Life After Gun Violence

Photo by Praneeth Rajsingh

The Northern Illinois University (NIU) police chief led her around the room. The shooter walked in through here, he tells her, tracing a path from the door, to the stage, and into the rows of seats. He explains which seat she was sitting in and what firearms the assailant used. Maria traces the scars on her neck where the bullets did the most damage. For her, this room will never again be a simple classroom. It’s a crime scene.

Maria now walks past room 101 every day. She hasn’t forgotten the trauma— but she’s taking strides to make sure it never happens again.

Maria was critically injured in the 2008 Valentine’s Day shooting at NIU. At 3:05 p.m., a gunman dressed in all black entered room 101 near the auditorium’s stage. He fired into the center section of students before tearing up and down the classroom’s aisles, shooting as he went. Maria was among the first to be shot. After killing five people and injuring 21 others, the attacker turned the gun on himself.

Attacks like the one at NIU are becoming all too common. On average, more than 108,000 people are injured by gun violence in the U.S. each year—roughly 76,000 of them survive. However, this number does not come close to describing the true amount of people affected. Friends, family, the wounded—experts and advocates call these people survivors. For each tragedy, an entire community suffers the aftermath. But some survivors are creating a web of support and protection for others affected by gun violence.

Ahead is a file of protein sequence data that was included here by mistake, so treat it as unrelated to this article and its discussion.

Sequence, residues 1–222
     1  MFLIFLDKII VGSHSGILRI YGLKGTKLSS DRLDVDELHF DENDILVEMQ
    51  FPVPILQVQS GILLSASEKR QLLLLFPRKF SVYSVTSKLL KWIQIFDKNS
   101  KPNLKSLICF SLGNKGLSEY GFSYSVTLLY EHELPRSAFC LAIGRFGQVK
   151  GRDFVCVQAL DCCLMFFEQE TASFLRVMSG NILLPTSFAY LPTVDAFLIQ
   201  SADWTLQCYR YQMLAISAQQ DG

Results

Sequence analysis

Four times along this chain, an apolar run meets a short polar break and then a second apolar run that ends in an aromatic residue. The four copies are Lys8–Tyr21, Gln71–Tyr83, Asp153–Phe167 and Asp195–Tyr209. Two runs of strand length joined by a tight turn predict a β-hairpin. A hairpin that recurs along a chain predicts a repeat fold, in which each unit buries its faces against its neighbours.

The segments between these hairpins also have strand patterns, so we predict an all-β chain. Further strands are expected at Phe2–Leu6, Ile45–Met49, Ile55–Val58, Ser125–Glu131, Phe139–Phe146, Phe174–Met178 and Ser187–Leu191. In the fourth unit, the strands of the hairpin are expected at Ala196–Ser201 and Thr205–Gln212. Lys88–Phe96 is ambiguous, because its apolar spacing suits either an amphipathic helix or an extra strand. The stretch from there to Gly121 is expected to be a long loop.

Making a New Normal

For many survivors, becoming a resource for their community is not only fulfilling, but crucial to recovery. “Everybody is going to have their own way of dealing with things,” says Rachel Beach, coordinator at the Crisis Center of Johnson County in Iowa City, Iowa. Beach explains that for a lot of people, it’s about finding meaning in the senseless violence.

Moving past an incident of gun violence is no simple task. Beach says that those injured may experience flashbacks, nightmares, and anxiety. And for the loved ones of victims, their grieving process may be complicated by the nature of the crime. “People are going to experience shock, numbness, disconnect from reality, disbelief, difficulty concentrating,” Beach says. “Then of course all the normal sadness and fear.”

Many claim time heals all wounds, but Beach explains it’s more about learning to live with loss. Loss of a loved one, loss of innocence, loss of security. “We don’t get over a loss. We integrate it. Life doesn’t go back to normal—we make a new normal,” Beach says. “There’s no timeline for grief. People think you should be over it after a certain amount of time, but the reality is that your grief is going to be something you live with for the rest of your life.”

This is a lesson Maria had to learn. Upon her arrival at the emergency room, doctors gave her a 50-50 chance of survival. When she woke up from surgery, she was terrified to find her arms and legs bound to the hospital bed, drainage and feeding tubes weaving in and out of her chest, collarbones, and throat. While in the ICU, Maria could barely move. She couldn’t speak or eat. “My only form of communication was my hands,”she says. “I would write things down in a notebook to communicate with my parents.”

After 11 days in the hospital, Maria wanted to go back to normal. But when she looked in the mirror and saw her wounds, she knew that life would never be the same. “I can’t forget it, and I don’t want to forget it. I still think about it every single day,” Maria says. “But I know I didn’t want it to be my whole life.”

Instead of hiding from the trauma, Maria confronted her challenges head-on. Early on in her recovery, she wondered if she would be able to return to school. “How was I going to finish?” she asked. “Would I be able to?” Her parents told her not to worry about classes. She could work things out with her professors later. However, Maria decided to return to campus. “Going back to school and being with my friends was good. It kept my mind off of it,” she says. “We had something bad happen, but we should be with each other. We should overcome this together.”